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10. Ford Explorer: 6,696, up 40 percent
During a pandemic that flattened Canada’s light vehicle market, the sixth-generation Ford Explorer catapults forward, producing 40 per cent more volume than in 2019’s first six months? It’s hard to believe, but it’s a consequence of two contributing factors.
First, the freshly redesigned Explorer is simply selling very well. Second, one year ago, the very freshly redesigned Explorer was selling very poorly as a result of a bungled launch.
9. Jeep Grand Cherokee: 6,839, down 29 percent
2020 is the fourth-generation Jeep Grand Cherokee’s 10th model year. By the modern standards of automotive generational turnover, the Grand Cherokee is ancient. Yet it’s also ridiculously popular despite its advanced age.
In an age of increasingly broad “crossover” definitions, the Grand Cherokee has a level of SUV cred to which only a few competitors can even remotely measure up. Given the fact Grand Cherokee sales aren’t falling as fast as the SUV market at large, it seems to be an effective strategy.
8. Jeep Wrangler: 7,960, down 41 percent
Will approaching competition, in the form of the first Ford Bronco in decades, do the Jeep Wrangler harm? Or will the Bronco simply spur interest in genuinely off-road capable SUVs, aiding both Ford and Jeep? Count on the latter, as Jeep’s reputation in this category is long since cemented.
Jeep sold a record 25,659 Wranglers in Canada last year, the fourth time in the last six years the Wrangler’s crested the 20,000 mark.
7. Hyundai Tucson: 9,044, down 34 percent
One of two Hyundais in the top seven, the Tucson is now the oldest model in Hyundai’s lineup. The Santa Fe, Elantra, Veloster, Sonata, and recently discontinued Accent have all been redesigned since the Tucson was revamped in 2015 for the 2016 model year; the Palisade, Kona, and Venue have all been revealed since then, as well.
Age doesn’t seem to be hindering the Tucson’s success, however, nor does operating in the slightly smaller end of the compact SUV segment.
6. Mazda CX-5: 9,208, down 29 percent
Yes, compared with 2019’s first half, Mazda CX-5 sales are down by 3,700 units this year. And yes, Mazda CX-5 sales tumbled 37 per cent in the second quarter of 2020. But that’s not telling the whole story.
Canada’s sixth-best-selling utility vehicle is a bright light; a sign of meaningful recovery. With 2,909 sales, June was the CX-5’s best month ever. July, meanwhile, was very nearly as good. 2,901 CX-5s were sold last month.
5. Hyundai Kona: 9,408, down 28 percent
Subcompact crossovers are here to stay. As proof, consider the fact the segment led by this Hyundai Kona is now the fourth-highest-volume automotive segment in Canada.
Nearly 10 per cent of all vehicles sold in Canada are now subcompact crossovers. And more than 15 per cent of all subcompact crossovers sold in Canada are Hyundai Konas. The Kona has a helper in the segment, too: Hyundai Venue sales totalled 3,022 units in 2020’s first six months.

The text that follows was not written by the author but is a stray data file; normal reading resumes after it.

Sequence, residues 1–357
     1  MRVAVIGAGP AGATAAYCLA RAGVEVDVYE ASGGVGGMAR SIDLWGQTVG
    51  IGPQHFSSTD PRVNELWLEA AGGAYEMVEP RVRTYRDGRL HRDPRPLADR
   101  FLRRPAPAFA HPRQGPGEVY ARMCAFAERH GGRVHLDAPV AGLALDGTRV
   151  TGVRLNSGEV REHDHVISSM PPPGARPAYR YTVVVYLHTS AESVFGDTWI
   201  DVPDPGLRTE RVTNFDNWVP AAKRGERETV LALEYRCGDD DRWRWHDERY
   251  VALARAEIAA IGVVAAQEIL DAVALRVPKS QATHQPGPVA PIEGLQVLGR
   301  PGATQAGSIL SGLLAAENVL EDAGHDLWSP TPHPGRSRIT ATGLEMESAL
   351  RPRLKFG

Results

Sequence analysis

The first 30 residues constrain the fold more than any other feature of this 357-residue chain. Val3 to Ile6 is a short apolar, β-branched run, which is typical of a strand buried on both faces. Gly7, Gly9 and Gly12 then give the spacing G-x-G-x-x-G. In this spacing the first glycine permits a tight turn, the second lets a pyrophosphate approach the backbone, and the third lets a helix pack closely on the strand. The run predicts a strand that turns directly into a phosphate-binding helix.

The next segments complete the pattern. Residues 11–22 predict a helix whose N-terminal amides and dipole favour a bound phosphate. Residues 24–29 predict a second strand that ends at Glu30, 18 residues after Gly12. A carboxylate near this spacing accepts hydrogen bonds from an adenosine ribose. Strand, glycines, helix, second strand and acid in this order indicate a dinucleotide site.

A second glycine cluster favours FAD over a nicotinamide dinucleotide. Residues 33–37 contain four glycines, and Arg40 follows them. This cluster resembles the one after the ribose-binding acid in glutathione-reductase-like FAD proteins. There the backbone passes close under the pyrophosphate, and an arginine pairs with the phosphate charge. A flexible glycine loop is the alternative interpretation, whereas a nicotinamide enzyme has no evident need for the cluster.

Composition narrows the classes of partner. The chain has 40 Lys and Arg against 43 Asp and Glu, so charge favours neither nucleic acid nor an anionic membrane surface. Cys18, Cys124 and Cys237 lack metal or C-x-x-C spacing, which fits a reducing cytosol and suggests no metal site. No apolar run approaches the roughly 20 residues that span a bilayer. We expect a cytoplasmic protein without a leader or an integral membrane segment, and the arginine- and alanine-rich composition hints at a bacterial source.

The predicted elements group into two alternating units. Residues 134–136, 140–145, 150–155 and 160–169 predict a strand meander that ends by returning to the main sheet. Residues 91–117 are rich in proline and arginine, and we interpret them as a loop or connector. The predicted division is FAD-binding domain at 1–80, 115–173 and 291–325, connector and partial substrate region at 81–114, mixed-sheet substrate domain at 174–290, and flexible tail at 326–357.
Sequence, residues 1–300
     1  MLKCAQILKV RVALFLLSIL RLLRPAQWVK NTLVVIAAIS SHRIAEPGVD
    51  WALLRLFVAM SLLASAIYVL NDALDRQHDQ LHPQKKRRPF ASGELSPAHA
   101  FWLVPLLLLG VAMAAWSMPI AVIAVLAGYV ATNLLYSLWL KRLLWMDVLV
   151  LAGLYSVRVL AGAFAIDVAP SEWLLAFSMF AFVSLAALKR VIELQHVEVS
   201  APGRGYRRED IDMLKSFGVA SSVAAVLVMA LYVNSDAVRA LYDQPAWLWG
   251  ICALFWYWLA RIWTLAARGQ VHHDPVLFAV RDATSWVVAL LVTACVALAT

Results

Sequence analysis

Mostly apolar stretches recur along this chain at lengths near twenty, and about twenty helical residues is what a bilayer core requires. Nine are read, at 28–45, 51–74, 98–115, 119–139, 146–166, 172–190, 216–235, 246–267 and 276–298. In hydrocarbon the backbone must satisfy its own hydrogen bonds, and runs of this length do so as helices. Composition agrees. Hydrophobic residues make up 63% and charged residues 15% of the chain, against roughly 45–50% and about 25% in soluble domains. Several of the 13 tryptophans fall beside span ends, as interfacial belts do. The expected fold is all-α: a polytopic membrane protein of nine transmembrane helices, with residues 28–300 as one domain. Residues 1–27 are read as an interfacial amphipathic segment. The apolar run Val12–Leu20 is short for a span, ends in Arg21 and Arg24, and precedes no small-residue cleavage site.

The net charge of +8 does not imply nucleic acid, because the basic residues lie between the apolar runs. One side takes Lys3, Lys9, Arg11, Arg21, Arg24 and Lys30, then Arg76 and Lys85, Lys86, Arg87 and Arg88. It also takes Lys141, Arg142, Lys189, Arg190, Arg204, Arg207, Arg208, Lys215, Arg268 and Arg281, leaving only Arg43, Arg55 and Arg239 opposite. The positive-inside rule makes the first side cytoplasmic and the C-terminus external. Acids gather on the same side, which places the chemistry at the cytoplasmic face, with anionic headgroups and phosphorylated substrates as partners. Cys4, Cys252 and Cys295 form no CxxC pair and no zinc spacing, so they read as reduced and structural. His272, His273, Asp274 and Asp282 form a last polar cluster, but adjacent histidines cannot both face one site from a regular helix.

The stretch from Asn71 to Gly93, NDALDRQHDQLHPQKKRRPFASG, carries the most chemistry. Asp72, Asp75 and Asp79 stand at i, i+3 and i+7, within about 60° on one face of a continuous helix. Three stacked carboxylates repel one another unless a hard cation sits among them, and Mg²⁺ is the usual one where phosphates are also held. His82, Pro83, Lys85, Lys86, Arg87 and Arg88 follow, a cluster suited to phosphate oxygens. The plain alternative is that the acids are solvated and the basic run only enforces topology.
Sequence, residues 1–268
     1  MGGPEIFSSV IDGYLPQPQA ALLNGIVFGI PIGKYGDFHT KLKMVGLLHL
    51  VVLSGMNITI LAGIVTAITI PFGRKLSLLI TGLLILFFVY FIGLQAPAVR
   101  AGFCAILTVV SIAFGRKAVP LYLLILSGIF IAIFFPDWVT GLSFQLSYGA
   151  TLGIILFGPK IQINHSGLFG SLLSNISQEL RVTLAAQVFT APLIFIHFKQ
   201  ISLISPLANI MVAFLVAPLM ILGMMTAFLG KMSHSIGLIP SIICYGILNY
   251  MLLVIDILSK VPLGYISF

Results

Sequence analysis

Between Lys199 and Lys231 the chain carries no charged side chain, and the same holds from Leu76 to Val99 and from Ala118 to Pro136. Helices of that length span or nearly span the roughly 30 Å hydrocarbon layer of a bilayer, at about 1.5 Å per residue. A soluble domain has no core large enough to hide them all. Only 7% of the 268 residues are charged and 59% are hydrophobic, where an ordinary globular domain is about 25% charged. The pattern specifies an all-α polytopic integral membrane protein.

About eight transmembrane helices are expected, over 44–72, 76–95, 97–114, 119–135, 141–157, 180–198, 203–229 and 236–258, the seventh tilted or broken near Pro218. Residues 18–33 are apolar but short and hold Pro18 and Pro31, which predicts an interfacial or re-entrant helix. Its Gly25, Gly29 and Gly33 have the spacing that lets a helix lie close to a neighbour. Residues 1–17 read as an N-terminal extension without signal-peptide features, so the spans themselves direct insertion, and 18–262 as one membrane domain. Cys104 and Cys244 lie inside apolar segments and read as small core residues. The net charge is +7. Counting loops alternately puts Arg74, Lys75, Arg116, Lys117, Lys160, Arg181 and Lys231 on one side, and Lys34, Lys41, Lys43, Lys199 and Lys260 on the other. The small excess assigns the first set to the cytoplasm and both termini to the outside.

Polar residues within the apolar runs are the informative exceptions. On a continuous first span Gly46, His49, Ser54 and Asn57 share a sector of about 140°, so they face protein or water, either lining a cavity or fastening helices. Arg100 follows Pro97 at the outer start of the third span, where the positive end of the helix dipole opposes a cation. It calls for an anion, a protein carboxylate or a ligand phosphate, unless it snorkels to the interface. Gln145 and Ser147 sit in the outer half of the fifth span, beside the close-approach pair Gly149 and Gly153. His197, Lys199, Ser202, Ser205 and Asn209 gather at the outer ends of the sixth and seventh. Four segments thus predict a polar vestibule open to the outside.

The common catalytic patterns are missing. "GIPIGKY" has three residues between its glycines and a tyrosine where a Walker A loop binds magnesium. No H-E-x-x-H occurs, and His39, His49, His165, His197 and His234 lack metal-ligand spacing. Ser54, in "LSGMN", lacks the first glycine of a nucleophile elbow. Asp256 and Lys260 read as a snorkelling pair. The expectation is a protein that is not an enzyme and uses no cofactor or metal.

4. Nissan Rogue: 9,857, down 49 percent
The Rogue’s struggles in 2020, in which sales are falling far more harshly than the SUV/crossover sector overall, are nothing new. The Rogue is an outdated model. A comprehensively equipped model, but an outdated model nonetheless.
The second Rogue was introduced for 2014, and sales peaked in 2017. But Rogue volume dropped in 2018 and 2019, sliding 14 per cent below record levels even as competitors surged. The all-new 2021 Rogue couldn’t come at a more important time.
3. Ford Escape: 10,209, down 51 percent
Unlike the new Ford Explorer, which bounced back from a poor start with rapid sales recovery even in the turmoil of 2020, the new Ford Escape hasn’t had time to bounce yet. Launched in the dead of winter, just prior to a pandemic, the new Escape is selling less than half as well as the old Escape did one year ago.
The new Escape has more challenges yet to come. Ford’s Bronco Sport is a more overtly SUV-like small crossover that will line up directly alongside the Escape in Ford’s lineup later this year.
2. Honda CR-V: 17,661, down 36 percent
Coincidence? Probably not. Canada’s two top-selling utility vehicles are both built in Canada. The Honda CR-V, which hails from Alliston, Ontario, has broken its own sales records in each of the last four years. CR-V volume topped out above 55,000 in 2019 before nosediving during 2020’s pandemic.
Barring a serious recovery, the CR-V is tracking towards a year with roughly 35,000 sales, or about what Honda generated in 2015.
1. Toyota RAV4: 20,596, down 36 percent
While its top rival was launched in all-new form for the 2017 model year, the Toyota RAV4 was all-new last year. But while Honda Canada doesn’t allow the CR-V Hybrid to operate in Canada, the Toyota RAV4 Hybrid contributes a healthy percentage of overall RAV4 sales: 22 per cent last year.
As a result of a broadly successful lineup, the RAV4 isn’t just Canada’s top-selling SUV, it outsells all cars on the market, as well.